This is really happening.

On the 8th of January, 2016, David Bowie turned 69 years old and released his 27th studio album, entitled ★ (Blackstar). Two days later, the star had fallen and the world lost one of the most influential artists of our time. For his final bow, Bowie said goodbye to his fans with a seven track record, which at first was difficult to understand but now, given the context of Bowie’s 18-month battle with cancer, makes a world of sense. An artist in the flesh, he left us one last piece to dissect.

While every album he’s ever released has featured a photo of Bowie on the cover, the 2016 final record depicts a single black star. The title track explains: There “stands a solitary candle” and from it can light the world. The musical mood suddenly shifts from dark and satanic to light and beautiful, as the lyrics tell: “Something happened on the day he died / Spirit rose a metre and stepped aside.” The echoes of these lines leave us with a lingering thought, as he repeats, “I’m a blackstar,” and confirms, “I’m not a white star,” or anything else for that matter. The difference of what he is and what he is not certainly declares his irrefutable reputation as anything but common, a lone-standing black star, poignant to our eyes.

Perhaps the most chilling track from this farewell masterpiece is ‘Lazarus.’ “Look up here, I’m in heaven,” it begins, “I’ve got scars that can’t be seen. I’ve got drama, can’t be stolen. Everybody knows me now.” His untimely death came as a surprise to us all, having had no indicator that The Man Who Fell To Earth was knowingly going to return to the sky so soon. “This way or no way / You know I’ll be free / Just like that bluebird / Now, ain’t that just like me?”. The fleet of a bird, reminiscent of a life to be liberated, carries the image of a freed Bowie.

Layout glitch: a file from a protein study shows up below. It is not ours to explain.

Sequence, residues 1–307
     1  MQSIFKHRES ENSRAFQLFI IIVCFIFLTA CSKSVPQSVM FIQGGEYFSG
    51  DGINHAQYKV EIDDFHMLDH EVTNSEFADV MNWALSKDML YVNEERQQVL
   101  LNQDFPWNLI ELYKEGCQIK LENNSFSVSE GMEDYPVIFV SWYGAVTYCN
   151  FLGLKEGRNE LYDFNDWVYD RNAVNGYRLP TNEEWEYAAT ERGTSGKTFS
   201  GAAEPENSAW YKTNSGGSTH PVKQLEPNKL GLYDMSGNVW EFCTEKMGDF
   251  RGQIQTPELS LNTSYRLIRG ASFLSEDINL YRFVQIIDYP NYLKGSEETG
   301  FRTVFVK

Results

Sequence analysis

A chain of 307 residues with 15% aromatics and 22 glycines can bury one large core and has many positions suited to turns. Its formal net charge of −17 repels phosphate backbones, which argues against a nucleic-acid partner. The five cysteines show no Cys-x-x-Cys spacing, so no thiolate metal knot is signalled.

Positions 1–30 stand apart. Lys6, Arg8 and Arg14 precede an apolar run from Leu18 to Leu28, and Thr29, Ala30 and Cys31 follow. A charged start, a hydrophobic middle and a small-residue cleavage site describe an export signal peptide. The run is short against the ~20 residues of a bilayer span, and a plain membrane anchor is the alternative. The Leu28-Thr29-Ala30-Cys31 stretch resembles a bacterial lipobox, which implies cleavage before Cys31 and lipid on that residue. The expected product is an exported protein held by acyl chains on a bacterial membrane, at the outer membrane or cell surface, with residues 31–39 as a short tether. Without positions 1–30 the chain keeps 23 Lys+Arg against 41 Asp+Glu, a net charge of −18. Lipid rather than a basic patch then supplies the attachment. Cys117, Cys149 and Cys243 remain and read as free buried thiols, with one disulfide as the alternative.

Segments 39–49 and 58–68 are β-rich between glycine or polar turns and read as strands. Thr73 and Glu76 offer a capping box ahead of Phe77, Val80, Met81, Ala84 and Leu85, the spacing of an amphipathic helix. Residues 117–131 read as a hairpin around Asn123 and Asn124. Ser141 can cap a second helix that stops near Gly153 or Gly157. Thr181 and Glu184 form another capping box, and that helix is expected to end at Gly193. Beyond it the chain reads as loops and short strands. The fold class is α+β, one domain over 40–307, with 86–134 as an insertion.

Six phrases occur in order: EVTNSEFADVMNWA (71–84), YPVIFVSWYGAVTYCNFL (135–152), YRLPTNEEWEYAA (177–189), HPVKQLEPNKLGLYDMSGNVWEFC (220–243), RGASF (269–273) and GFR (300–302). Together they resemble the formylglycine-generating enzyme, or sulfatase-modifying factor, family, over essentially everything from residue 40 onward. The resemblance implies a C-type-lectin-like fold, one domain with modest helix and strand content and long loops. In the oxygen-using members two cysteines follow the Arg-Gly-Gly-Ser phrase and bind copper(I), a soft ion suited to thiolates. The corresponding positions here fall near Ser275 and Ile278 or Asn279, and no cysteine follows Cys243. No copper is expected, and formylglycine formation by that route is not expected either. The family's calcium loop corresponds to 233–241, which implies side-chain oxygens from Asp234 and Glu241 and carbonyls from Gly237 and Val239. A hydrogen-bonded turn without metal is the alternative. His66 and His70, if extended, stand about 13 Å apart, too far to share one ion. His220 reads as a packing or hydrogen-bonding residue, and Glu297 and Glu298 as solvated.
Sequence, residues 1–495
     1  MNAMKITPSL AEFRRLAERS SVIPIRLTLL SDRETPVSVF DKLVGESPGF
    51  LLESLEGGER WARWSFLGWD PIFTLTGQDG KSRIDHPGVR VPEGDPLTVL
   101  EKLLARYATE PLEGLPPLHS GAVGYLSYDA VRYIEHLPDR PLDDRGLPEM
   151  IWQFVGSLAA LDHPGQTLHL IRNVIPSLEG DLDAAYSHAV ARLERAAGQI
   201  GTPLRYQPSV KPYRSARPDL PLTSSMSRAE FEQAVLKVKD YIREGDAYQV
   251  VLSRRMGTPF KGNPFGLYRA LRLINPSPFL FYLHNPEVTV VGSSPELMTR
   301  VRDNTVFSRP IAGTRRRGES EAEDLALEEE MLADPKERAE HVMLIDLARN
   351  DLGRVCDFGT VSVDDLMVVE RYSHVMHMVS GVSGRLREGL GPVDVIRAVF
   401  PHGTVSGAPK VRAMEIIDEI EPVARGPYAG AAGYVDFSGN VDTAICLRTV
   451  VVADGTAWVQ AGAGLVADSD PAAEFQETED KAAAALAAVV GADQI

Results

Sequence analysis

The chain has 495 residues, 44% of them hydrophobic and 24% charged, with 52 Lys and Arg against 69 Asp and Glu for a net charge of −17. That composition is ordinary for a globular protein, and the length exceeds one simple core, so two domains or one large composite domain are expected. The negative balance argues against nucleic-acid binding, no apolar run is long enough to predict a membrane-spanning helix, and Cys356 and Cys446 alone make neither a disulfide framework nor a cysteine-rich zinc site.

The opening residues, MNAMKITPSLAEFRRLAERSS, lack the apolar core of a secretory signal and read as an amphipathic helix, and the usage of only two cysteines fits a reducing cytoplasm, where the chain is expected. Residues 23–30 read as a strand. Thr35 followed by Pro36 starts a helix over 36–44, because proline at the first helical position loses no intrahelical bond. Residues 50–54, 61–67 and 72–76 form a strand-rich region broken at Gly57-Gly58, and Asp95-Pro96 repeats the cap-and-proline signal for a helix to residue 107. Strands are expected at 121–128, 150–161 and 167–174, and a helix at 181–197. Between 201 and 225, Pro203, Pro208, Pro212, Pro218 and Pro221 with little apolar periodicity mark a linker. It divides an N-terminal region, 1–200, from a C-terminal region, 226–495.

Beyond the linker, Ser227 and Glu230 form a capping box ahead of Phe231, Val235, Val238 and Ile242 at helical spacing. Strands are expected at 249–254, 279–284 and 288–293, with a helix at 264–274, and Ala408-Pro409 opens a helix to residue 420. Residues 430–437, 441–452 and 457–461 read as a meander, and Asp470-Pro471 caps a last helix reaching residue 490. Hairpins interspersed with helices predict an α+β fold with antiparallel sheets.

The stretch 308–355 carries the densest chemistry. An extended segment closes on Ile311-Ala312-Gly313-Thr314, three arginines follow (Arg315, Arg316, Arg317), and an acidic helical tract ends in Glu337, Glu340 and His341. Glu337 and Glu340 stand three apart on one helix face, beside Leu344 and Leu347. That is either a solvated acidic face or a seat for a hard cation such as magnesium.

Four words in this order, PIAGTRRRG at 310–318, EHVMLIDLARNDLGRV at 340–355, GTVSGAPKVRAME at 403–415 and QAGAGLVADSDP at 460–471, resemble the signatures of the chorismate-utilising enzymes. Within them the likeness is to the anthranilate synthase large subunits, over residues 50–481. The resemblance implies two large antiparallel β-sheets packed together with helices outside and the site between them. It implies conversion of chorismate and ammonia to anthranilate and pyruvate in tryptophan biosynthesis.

The videos that accompany these two tracks are even more haunting. Though originally perceived as strange, without any public knowledge of his illness, the hospital bed themed dramatic series can now be understood as a representation of his final months of life. Tony Visconti, Bowie’s producer and long-time friend dating back to the 1960’s, shared that the artist knew his cancer was incurable for the last year, which explains why he’s been so artistically productive, and that Blackstar was his “parting gift.” He continues, “His death was no different from his life – a work of Art.”



These haunting images depict a struggling man, Bowie himself, blind with eyes of lifeless buttons, stepping out of a closet and into a dark hospital, soon to be confined to the nightmares of a hospital bed. The footage is drenched with symbolism, as a hand reaches out from under the bed and Bowie levitates above the mattress. A second Bowie appears and begins to dance around the room; this Bowie is clearly a liberated version of the singer. Sitting now behind a desk, he releases himself into a notebook, writing feverishly. The skull on the desk, a symbol for death. His need to express himself before he departs is evident.